Make the campus ‘feel like home’
That’s the advice this year’s University Medalist offers to new undergrads
| 28 April 2004
One might expect some keep-your-nose-to-the-grindstone advice from Margaret Ann-Chia Chow, winner of this year’s University Medal, the top honor a graduating senior can receive.
After all, during her four years at Berkeley she has earned top grades while majoring in economics and molecular and cell biology, edited a scholarly journal, and helped prepare disadvantaged students for the SAT.
Yet this 21-year-old took time not just to study, but to enjoy life. She was up on water skis at Lake Tahoe, tried surfing off Santa Cruz and San Diego, sailed at the Berkeley Marina, shopped at the local farmers’ market, played sports with friends at neighborhood parks, and watched free movies in Wheeler Auditorium.
With careful time management that doesn’t over-allot hours for sleeping, Chow says, newcomers to Berkeley can do well academically and still have time for fun, make new friends, and explore the diversity of the campus and the Bay Area. “Make this campus yours” is her mantra for new students. “Make this campus feel like home.”
Another tip from Chow: Be open to where life takes you. “Honestly, don’t worry so much about what major you are or what path you might take,” she said during a break at the Free Speech Movement Café. “Things will change. Your interests will change, and time will influence so many things.”
Parents who didn’t lay out the law
That’s the way it happened for Chow, who entered Berkeley in fall 2000, one of about 50 graduates of Mission San Jose High School in Fremont. Her mother, a homemaker, and her father, an immigration attorney, had urged her only sibling, an older brother, to study law. But they had no specific academic admonishments for her. Chow admits she had no particular goals for herself when she arrived on campus, enrolling instead in introductory classes in a range of subjects before deciding to blend science and humanities. She likes both because they teach different ways of thinking and approaching problems.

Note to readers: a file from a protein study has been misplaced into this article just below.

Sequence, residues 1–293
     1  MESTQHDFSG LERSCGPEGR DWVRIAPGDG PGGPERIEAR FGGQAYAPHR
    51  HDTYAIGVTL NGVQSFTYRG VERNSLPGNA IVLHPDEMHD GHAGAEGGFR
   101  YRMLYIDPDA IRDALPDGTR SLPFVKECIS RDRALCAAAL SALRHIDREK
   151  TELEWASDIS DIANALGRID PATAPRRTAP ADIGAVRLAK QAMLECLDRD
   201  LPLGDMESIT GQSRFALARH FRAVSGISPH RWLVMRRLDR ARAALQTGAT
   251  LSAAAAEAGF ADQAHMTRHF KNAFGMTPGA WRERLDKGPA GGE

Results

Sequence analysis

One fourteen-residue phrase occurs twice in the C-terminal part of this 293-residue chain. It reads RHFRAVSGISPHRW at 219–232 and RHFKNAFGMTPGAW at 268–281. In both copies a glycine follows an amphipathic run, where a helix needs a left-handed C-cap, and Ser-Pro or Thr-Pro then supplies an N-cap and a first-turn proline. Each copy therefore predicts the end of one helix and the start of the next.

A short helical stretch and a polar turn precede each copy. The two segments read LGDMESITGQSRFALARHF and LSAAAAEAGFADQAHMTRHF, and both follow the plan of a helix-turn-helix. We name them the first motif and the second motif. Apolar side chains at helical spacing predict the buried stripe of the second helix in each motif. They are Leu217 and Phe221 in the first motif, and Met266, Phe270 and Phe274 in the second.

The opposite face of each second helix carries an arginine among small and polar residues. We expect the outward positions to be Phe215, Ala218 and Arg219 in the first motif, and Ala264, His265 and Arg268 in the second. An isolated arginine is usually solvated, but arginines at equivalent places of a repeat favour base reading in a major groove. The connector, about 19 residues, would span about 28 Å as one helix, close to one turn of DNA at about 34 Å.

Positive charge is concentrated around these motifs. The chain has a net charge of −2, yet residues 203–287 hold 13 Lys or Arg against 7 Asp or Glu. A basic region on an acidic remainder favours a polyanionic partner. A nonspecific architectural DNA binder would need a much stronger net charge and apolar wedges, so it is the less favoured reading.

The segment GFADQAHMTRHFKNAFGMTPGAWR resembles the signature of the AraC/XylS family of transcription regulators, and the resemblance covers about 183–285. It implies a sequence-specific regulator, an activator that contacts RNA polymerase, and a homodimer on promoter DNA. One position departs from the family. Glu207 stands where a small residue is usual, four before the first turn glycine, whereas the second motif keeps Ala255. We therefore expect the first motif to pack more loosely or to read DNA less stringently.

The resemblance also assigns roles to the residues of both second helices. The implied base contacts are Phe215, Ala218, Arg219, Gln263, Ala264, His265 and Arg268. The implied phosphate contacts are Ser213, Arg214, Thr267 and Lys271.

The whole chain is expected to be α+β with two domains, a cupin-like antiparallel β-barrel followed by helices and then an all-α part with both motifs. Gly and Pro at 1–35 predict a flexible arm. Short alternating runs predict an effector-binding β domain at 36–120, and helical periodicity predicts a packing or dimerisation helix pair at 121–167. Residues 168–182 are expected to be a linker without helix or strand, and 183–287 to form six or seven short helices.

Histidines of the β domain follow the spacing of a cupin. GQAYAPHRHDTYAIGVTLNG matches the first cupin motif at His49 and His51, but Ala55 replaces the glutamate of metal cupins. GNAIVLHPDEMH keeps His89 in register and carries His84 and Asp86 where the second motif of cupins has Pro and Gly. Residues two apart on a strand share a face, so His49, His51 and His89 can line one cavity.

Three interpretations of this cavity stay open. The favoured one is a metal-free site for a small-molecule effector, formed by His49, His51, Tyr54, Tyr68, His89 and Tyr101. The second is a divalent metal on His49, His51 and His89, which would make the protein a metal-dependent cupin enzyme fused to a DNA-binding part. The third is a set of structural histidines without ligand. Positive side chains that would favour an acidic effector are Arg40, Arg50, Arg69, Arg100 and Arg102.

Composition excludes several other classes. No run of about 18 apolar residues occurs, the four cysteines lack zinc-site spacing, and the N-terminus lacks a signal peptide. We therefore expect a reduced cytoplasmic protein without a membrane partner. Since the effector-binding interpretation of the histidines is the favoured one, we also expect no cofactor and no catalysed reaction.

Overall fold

Her involvement with Berkeley Scientific Journal, an undergraduate publication, began with the submission of two articles: one about depression and biochemical explanations for it, and the other dealing with space-travel-induced physiological changes in humans. When Chow stepped up to become the journal’s features editor, she pushed her writers to explore the economic and political impacts of new developments in energy efficiency, not just the technical aspects.
This year, while serving as BSJ’s editor-in-chief, she took part in initiating the Publications’ Association at Berkeley, a newly developing forum for undergraduate publications. The group meets to discuss issues such as distribution and printing, and has as a goal to bargain collectively for lower prices in order to keep journals afloat in a time of budget cuts.
Jack Kirsch, professor of molecular and cell biology and of chemistry, supervised Chow’s work in his MCB lab, where she frequently put in long hours of experimentation. In a letter recommending Chow for the University Medal, Kirsch called her “an unusually remarkable student, who has shown outstanding judgment and prowess both in the classroom and in her research.”
Ultimately, Chow wants to blend her interests in law and science to address issues with broad social implications, maybe focusing on bioethics.
Chow will speak at the 2004 Commencement Convocation on Thursday, May 13. In addition to the honor of being chosen University Medalist, she will receive a $2,500 scholarship.